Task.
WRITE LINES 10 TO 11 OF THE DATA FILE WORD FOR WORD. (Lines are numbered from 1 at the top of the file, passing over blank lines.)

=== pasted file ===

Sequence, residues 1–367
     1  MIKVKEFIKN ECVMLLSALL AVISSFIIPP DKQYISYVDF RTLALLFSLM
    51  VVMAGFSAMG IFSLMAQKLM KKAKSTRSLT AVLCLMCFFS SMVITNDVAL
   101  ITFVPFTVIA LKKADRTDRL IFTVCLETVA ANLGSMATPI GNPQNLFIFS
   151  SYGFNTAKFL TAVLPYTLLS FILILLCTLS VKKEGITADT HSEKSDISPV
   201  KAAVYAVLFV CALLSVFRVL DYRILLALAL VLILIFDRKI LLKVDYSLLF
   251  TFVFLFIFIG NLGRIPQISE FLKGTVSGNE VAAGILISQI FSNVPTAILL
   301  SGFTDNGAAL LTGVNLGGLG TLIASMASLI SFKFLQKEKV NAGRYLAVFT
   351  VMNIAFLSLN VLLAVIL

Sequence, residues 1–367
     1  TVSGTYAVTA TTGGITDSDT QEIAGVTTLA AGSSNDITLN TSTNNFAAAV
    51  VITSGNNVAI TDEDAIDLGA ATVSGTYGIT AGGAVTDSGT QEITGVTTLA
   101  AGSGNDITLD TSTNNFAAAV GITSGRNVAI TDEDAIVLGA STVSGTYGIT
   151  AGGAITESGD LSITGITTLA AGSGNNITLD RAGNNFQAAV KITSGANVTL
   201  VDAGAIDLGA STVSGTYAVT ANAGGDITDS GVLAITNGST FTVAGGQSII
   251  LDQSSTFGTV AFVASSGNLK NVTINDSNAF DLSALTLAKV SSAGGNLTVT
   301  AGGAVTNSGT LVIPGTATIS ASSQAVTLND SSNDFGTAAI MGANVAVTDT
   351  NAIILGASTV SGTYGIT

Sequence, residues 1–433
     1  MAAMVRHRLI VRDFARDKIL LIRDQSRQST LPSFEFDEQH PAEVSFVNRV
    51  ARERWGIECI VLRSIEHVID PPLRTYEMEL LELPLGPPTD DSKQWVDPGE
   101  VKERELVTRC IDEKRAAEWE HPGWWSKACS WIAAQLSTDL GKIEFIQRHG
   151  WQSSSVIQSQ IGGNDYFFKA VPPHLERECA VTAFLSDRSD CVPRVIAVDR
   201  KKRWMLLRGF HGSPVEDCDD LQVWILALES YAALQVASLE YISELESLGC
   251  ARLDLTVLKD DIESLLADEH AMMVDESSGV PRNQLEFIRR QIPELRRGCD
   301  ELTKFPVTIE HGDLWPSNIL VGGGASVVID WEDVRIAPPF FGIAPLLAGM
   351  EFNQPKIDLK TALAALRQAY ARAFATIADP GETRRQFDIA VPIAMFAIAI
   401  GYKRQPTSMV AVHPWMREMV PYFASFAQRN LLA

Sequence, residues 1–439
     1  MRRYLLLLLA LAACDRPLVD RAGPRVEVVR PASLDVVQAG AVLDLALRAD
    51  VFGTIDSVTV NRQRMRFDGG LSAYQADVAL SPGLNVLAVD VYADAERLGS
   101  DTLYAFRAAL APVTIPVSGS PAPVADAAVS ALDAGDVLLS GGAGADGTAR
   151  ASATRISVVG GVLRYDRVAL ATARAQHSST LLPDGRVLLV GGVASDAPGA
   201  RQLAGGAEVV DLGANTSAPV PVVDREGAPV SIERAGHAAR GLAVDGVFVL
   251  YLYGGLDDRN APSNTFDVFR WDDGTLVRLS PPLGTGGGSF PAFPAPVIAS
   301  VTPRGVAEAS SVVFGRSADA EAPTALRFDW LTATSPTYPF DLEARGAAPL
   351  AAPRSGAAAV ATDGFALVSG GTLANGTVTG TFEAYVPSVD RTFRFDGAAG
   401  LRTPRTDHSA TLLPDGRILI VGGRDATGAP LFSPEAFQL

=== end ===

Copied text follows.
Sequence, residues 1–367
     1  TVSGTYAVTA TTGGITDSDT QEIAGVTTLA AGSSNDITLN TSTNNFAAAV